PI3K catalyses the formation of phosphatidylinositol 3,4-bisphosphate and phosphatidylinositol 3,4,5-trisphosphate (PIP3) which activates many signalling proteins including Akt, phosphatidylinositide-dependent kinase 1(PDK1) and protein kinases A and C. Conversely the phosphatase, PTEN (phosphatase and tensin homolog), inactivates PIP3 by catalysing it’s dephosphorylation to phosphatidylinositol-(4,5)-bisphosphate (PIP2) so down-regulating the activity of these proteins. About 6% and 10% of breast and colorectal cancers (CRC) cancers respectively carry PTEN inactivating mutations5. Whilst activating mutations in PI3KCA (phosphatidylinositol-4,5-bisphosphate-3-kinase catalytic subunit alpha) are found in >25% breast tumours and about15% of CRC. These mutations promote tumorigenesis6,7 and resistance to endocrine, radiotherapy and chemotherapy8,9 through PI3K/Akt pathway activation. The Akt pathway also controls glucose metabolism10 which is an important source of fatty acids for phospholipid synthesis11.
Glycogen synthase kinase (GSK), a target of Akt, was originally identified as a kinase that phosphorylates and inactivates glycogen synthase (the final enzyme involved in glycogen synthesis)12 but it was later established that GSK has important regulatory roles in several cell functions13. GSK exerts a negative regulatory effect on the G1 cyclins, cyclin D and E and the transcription factors c-jun and c-myc that are crucial to G1 to S transition14. In addition to the direct effects of Akt on the regulation of apoptosis and proliferation, pAkt drives the cell cycle by phosphorylating and inactivating (GSK) isoforms resulting in inhibition of its negative regulatory effect on cell cycle progression.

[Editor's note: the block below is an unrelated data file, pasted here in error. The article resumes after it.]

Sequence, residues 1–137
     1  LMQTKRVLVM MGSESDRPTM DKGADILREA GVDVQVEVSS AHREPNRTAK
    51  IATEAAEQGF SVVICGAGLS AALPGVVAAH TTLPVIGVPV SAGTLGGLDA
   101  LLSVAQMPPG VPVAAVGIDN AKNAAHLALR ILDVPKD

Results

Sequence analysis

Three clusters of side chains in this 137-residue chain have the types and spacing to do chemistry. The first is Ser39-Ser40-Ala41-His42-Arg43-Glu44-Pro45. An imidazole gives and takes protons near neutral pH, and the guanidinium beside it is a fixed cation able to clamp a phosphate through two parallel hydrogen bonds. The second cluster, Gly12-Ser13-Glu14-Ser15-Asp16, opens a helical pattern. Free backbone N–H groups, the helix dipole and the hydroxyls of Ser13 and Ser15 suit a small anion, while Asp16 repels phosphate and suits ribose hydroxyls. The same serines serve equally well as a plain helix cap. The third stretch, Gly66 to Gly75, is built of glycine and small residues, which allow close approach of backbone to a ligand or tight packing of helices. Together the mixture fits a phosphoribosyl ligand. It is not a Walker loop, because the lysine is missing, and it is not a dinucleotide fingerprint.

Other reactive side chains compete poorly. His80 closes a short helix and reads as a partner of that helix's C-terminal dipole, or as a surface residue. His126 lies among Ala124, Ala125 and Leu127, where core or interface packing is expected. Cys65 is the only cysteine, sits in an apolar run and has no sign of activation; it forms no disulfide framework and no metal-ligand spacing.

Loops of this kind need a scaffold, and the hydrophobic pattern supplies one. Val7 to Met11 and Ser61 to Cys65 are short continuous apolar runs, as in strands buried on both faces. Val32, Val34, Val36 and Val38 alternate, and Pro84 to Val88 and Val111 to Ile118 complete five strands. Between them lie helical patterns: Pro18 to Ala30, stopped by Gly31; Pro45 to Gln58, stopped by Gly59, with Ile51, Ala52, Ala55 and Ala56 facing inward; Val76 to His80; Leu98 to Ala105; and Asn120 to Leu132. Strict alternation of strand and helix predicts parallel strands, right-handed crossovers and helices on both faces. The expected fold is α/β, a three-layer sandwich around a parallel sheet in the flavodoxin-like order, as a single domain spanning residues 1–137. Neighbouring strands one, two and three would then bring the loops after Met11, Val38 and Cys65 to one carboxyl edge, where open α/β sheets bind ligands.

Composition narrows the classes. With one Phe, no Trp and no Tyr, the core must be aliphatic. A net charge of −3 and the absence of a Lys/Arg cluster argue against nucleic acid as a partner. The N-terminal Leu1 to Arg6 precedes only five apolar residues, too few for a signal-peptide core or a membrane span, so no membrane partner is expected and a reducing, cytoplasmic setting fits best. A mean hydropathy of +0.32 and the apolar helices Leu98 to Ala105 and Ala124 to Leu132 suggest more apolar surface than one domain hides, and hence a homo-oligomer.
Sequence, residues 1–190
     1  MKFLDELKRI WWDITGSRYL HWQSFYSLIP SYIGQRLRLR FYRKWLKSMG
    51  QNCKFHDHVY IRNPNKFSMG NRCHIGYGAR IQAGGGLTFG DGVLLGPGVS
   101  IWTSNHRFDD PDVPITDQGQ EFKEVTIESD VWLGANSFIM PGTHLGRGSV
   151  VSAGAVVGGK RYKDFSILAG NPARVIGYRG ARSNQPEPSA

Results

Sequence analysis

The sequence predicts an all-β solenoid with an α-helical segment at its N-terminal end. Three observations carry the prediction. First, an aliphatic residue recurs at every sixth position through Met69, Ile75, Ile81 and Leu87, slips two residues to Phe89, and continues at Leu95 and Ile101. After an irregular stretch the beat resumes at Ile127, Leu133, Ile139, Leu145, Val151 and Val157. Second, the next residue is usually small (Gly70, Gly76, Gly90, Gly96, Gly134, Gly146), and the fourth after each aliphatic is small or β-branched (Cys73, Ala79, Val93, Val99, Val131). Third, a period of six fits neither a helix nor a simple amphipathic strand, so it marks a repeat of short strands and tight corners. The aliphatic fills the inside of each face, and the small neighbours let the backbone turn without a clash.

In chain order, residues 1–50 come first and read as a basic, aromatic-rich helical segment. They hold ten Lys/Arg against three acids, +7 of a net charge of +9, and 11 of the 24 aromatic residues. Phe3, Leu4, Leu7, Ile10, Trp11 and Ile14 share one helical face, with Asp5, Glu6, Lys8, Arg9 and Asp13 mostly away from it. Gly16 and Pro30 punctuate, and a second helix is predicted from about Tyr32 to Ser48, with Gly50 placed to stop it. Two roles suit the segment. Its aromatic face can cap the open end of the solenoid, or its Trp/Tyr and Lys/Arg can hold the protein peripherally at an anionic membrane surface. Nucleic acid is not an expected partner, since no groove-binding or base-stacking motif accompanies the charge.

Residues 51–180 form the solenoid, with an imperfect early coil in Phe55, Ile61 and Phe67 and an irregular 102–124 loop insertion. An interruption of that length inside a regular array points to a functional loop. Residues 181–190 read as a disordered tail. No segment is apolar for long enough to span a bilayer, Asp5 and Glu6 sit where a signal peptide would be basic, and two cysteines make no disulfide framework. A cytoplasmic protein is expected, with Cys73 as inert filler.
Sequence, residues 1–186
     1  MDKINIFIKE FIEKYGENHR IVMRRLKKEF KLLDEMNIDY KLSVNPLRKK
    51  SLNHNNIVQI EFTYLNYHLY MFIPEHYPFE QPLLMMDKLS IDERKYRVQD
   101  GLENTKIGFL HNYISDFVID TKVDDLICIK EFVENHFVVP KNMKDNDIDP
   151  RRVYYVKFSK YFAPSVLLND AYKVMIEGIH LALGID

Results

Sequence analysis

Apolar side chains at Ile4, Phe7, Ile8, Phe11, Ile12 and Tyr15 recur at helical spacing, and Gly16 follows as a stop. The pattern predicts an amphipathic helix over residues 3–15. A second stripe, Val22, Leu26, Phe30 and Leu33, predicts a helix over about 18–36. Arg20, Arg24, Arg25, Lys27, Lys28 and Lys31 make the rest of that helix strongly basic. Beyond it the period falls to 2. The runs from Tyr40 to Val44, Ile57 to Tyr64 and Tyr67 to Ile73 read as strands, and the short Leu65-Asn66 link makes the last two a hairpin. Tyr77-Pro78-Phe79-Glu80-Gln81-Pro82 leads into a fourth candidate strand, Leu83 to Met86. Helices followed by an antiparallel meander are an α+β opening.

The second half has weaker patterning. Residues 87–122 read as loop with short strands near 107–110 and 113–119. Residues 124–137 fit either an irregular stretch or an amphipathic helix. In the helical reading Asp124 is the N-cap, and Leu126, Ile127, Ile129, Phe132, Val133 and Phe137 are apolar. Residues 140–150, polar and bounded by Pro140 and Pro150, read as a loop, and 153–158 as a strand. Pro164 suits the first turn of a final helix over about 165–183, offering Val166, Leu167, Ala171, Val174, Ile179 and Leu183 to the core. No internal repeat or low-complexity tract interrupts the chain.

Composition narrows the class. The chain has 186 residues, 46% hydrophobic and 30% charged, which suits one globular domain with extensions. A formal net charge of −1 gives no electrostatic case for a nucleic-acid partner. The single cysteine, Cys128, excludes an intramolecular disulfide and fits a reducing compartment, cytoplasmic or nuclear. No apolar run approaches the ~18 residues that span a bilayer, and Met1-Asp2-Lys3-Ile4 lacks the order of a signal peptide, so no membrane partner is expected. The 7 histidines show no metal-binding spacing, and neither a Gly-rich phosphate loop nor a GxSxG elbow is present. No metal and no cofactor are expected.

Although the relationship between PI3K and Akt is well established, the links with other signalling molecules down-stream of PI3K is less well characterised. It has been shown that GSK can be controlled by PI3K via PKA which physically complexes with GSK15. Recently a further Akt-independent link between PI3K and GSK3 has been identified16.